In 1884, miners discovered an abundance of lead and silver in the Burke Canyon.[8] The first mine in Burke, the Tiger Mine, was discovered in May 1884.[8] That same year, the Tiger Mine was sold to S.S. Glidden for $35,000.[9]

By the end of 1885, over 3,000 tons of ore had been extracted from the Tiger Mine.[10] The high volume of ore being extracted from the mountains led Glidden to begin construction on a railroad from the mine to Wallace.[9] On July 6, 1887, Glidden incorporated the Canyon Creek Railroad, a 3 ft (0.91 m)-wide narrow-gauge railway which operated from Wallace to the Tiger Mine.[9] Additional investors on the Canyon Creek Railroad were Harry M. Glidden, Frank R. Culbertson, Alexander H. Tarbet, and Charles W. O'Neil.[9]

By September 1887, little work had been accomplished on the railway; accumulations of mined ore in the area had reached over 100,000 pounds (45,000 kg), pressuring Glidden to sell the line to D.C. Corbin.[11] Under Corbin's overseeing, by November 1887, 3 miles (4.8 km) of tracks had been laid, and it was then that the town of Burke was formally established.[12] The railway was completed in December 1887, and the first shipment of ore to Wallace took place on December 12.[12] In 1888, the town was serviced by trains from the Northern Pacific Railroad and the Oregon Railroad and Navigation Company.[13]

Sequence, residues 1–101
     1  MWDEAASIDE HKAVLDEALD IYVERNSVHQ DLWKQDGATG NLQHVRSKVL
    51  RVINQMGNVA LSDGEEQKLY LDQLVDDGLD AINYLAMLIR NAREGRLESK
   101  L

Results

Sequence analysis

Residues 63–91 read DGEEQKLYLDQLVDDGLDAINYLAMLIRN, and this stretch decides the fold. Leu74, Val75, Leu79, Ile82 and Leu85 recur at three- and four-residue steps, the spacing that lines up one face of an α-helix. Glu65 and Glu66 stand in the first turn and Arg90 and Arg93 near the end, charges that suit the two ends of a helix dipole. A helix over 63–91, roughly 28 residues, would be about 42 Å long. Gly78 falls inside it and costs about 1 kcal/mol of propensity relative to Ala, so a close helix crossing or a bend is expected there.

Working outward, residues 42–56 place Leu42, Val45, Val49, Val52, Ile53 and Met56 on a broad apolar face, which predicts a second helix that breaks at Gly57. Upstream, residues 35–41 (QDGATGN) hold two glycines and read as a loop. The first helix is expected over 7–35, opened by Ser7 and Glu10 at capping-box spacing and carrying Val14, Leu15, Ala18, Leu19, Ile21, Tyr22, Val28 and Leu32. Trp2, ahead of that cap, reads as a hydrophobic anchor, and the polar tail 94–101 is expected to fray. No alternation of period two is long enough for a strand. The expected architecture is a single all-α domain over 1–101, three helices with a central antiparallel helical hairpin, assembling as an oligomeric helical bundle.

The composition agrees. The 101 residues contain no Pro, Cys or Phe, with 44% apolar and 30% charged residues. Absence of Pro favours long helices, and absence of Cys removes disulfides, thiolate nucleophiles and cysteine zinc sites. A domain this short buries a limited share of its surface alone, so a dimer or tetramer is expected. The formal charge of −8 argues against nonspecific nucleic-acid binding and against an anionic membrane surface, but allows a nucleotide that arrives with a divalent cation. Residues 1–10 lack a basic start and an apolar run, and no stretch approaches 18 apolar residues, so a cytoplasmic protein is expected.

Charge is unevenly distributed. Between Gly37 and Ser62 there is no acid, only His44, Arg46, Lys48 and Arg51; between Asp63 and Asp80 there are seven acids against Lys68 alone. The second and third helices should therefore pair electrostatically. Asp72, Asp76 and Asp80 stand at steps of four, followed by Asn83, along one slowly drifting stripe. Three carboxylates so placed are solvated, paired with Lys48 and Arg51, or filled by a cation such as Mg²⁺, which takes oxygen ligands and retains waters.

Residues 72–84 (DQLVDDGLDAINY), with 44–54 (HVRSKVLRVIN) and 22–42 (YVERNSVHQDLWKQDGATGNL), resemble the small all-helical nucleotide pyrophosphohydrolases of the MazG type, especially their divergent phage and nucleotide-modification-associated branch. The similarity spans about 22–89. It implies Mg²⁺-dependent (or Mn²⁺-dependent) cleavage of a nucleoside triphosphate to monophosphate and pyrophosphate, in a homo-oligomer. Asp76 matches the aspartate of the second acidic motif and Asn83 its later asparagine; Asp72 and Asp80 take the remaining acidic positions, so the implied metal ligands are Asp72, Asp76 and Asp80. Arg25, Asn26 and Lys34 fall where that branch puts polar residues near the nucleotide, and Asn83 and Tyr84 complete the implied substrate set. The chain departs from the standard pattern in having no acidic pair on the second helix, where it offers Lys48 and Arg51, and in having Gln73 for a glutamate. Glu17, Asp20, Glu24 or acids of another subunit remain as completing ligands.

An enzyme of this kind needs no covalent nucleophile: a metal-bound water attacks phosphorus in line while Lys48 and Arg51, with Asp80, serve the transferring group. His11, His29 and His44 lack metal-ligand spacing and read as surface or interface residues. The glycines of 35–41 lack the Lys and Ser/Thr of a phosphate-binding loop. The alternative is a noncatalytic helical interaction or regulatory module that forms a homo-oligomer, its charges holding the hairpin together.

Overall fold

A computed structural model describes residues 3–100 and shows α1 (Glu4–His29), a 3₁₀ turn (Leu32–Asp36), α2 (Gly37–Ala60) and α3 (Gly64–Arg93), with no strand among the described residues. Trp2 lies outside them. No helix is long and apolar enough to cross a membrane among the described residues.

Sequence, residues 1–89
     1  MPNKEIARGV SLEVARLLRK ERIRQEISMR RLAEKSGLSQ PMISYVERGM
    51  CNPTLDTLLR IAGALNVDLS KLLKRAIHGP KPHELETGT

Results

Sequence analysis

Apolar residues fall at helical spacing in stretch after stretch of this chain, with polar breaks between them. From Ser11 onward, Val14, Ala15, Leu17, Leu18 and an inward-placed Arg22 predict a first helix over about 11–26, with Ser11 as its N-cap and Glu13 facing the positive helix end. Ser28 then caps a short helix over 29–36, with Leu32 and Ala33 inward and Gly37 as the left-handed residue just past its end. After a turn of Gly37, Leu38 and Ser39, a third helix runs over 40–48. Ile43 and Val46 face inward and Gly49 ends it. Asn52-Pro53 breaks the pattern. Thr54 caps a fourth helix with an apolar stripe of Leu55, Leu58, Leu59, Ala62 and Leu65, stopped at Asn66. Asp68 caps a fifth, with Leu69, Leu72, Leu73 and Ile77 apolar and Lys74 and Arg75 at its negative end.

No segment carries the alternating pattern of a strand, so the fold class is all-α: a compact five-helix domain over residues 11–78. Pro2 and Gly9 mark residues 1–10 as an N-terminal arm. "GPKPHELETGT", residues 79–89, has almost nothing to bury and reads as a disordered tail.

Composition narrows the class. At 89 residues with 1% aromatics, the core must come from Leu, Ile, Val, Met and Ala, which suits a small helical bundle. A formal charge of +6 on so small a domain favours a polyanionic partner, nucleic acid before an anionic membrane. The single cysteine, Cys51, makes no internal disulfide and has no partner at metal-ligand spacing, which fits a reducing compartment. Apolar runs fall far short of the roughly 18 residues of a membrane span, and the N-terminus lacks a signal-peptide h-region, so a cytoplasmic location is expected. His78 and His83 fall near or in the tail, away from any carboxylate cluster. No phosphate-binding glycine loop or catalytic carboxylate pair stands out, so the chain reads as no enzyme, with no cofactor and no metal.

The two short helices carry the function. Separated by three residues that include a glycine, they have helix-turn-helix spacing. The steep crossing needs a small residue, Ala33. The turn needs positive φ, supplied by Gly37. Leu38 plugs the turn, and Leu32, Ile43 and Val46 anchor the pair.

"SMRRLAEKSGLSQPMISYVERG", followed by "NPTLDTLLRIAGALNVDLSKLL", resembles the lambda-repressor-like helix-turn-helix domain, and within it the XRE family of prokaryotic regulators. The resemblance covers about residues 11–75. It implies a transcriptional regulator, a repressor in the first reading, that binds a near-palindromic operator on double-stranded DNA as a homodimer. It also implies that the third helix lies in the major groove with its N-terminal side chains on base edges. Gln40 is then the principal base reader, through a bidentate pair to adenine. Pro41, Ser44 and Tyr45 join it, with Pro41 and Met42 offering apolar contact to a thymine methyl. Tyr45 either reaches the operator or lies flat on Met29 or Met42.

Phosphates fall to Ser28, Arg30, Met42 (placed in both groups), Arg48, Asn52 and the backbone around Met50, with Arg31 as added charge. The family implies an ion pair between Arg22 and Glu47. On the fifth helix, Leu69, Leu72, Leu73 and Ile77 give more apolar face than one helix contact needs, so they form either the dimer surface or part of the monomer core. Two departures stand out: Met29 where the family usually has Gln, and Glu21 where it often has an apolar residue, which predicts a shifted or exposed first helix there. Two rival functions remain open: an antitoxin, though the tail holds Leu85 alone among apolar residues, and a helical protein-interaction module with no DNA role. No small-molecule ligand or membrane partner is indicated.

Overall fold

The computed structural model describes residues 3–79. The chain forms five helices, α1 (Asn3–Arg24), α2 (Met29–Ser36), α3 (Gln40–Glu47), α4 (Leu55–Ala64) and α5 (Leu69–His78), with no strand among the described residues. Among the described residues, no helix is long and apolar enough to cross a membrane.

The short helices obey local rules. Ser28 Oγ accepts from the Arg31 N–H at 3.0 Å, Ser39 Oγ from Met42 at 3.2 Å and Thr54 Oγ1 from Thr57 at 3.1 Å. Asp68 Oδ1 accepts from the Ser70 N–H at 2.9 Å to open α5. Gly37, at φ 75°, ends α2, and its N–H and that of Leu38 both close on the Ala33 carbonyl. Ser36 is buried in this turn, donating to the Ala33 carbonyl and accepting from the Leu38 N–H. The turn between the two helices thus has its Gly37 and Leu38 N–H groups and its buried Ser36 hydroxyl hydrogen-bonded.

Given its position within the narrow canyon, Burke had to share its boundaries with the Northern Pacific rail spur, resulting in a railway that occupied the street running through town.[14][15] According to some sources (such as the Northwest Center for Public Health Practice), the limited space forced businesses on the west side of the railway to have to retract their awnings when trains passed through.[16] However, according to Bill Dunphy, a town resident, this was an exaggeration: "It was narrow," he recalled. "They always said that when a train came through Burke, you had to hoist the awnings to get the train through, which wasn't right. But it's a good story."[17]